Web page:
Lynda Carter as Wonder Woman in the arms of her stunt double Jeannie Epper
You know that moment when you read something, and then immediately have to re-read it because you cannot believe it is true?
That happened to me when I read that the levels of slavery and people trafficking today are greater than at any point in history.
Surely that cannot be right?
Obviously there is no precise figure, but the International Labor Organization and respected abolitionists like Kevin Bales and Siddharth Kara put the global number of slaves at between 10-30 million worldwide. At a minimum, 10 million.
Driving the global people trading business is ruthless greed, vast returns on investment and crucially, government ineffectiveness. The same as most criminal enterprises.
And the numbers involved are extraordinary.
The United Nations estimates the total market value of human trafficking at 32 billion U.S. dollars. In Europe, criminals are pocketing around $2.5 billion per year through sexual exploitation and forced labor.
But let’s remember the commodity here is not drugs or contraband; it is human beings. And usually the most vulnerable in society.
Those unable to defend themselves, those who innocently trust the intentions of others, those who can easily be made to disappear.
The cruelty and inhumanity of those who would profit from such a crime is truly shocking.
In previous centuries, when slaves were captured and traded each had a significant market value. Although their ill-treatment was often horrific, the reality was that it made economic sense to keep a slave alive and functioning, to protect what was usually a significant investment, made with a view to long term.
That is not so today. Many girls and women, who are trafficked, particularly for the sex trade, are done so with a view to high rate of return over a relatively short period of time. Then they are switched from the steady supply of replacements.
And what do you suppose happens to those who are seen to have maxed out their usefulness?
Often addicted to drugs they have been forced to take, almost certainly in the country illegally, with no support, and with no record that they ever existed.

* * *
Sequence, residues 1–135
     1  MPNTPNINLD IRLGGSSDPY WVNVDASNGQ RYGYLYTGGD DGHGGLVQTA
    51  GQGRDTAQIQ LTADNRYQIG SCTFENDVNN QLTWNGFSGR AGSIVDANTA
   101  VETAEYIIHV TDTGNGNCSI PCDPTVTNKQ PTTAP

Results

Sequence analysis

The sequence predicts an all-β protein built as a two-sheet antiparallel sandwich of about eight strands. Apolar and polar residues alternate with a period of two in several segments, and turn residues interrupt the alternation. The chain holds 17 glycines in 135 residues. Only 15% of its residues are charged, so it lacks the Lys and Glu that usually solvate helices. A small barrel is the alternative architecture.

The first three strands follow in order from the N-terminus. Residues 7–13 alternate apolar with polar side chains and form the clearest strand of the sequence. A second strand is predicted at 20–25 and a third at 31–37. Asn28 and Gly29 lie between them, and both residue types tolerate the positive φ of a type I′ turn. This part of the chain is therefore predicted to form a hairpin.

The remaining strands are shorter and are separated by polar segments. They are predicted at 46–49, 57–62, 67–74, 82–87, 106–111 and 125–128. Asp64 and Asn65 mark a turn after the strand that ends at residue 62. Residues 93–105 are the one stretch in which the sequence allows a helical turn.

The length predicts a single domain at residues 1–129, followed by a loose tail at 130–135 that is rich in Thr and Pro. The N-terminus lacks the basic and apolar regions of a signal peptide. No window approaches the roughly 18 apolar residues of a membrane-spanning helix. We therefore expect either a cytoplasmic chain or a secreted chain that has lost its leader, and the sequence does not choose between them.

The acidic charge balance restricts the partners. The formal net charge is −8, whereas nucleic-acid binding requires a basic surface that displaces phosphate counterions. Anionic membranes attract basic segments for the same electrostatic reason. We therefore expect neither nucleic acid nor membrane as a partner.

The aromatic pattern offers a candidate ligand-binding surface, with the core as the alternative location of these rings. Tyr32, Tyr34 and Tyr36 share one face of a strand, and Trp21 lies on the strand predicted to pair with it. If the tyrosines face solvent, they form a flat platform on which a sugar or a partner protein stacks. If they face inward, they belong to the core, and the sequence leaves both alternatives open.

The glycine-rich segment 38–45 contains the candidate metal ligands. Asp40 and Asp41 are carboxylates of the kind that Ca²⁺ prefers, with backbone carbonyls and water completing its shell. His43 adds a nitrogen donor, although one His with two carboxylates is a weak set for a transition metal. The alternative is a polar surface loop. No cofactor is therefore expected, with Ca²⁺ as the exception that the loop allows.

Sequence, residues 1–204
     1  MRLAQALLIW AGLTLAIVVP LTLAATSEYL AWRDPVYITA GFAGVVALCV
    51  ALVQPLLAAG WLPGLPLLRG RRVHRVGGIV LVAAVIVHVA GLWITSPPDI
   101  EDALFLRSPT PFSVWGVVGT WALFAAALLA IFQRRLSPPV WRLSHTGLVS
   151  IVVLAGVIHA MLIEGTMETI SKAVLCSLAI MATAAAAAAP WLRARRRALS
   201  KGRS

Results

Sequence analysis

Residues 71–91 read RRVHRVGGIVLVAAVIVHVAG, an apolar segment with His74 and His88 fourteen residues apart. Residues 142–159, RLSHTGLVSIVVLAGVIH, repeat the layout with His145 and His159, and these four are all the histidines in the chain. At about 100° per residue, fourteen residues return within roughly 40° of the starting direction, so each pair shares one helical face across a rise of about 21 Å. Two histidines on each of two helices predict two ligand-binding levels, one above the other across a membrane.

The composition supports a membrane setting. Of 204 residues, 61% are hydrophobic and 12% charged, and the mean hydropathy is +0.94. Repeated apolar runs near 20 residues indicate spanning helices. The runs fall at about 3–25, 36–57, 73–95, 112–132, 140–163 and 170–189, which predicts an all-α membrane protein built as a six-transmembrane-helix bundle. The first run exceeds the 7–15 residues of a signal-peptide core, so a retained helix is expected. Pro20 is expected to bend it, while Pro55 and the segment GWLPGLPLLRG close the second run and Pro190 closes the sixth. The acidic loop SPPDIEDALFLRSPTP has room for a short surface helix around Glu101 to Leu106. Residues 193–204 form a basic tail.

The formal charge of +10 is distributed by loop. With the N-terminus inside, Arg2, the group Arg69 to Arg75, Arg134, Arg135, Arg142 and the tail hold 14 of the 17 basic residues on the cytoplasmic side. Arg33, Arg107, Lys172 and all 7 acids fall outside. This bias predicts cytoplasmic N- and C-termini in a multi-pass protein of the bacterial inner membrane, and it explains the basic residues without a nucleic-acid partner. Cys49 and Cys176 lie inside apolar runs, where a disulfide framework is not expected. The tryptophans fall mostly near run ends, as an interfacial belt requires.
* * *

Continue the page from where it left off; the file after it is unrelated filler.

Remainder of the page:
A bad outcome is more or less assured.
It is also difficult to see any hope for the people who trade in people. They have reconciled themselves to the awful crimes that they commit, and are unlikely to stop because others tell them to.
It was a typical day in the cloud. I was at my desk, streaming music onto my phone, collaborating with colleagues on synced files hosted online; I then killed a little time by horsing around on a discussion board with some friends.
The difference was, this cloud wasn’t part of Google or Dropbox. It was … mine, hosted out of an old computer parked under my kitchen table. It streams, syncs files across computers, and does basic social networking. I can access it online from any computer or my mobile phone.
But it’s a “personal cloud”: I own and run the hardware. The simple act of building and running it has given me a glimpse of a possible alternate future for the Internet. It’s an increasingly popular one too.
The software I used, Tonido, has been around a few years, but its user base doubled to more than 1 million people in 2012—mostly in the second half of the year. Last summer BitTorrent released personal-cloud software called Sync, and by December it had already amassed 2 million users. That’s partly the Edward Snowden effect: People now know that the cloud isn’t intangible. It’s hardware run by large companies, snoopable by spy agencies. “2013 was the year that everyone became aware of what a server was,” BitTorrent CEO Eric Klinker says. “With Sync, if anybody wants to know what you’re doing, they can’t go and ask one of the big servers. They have to hand the warrant to you.”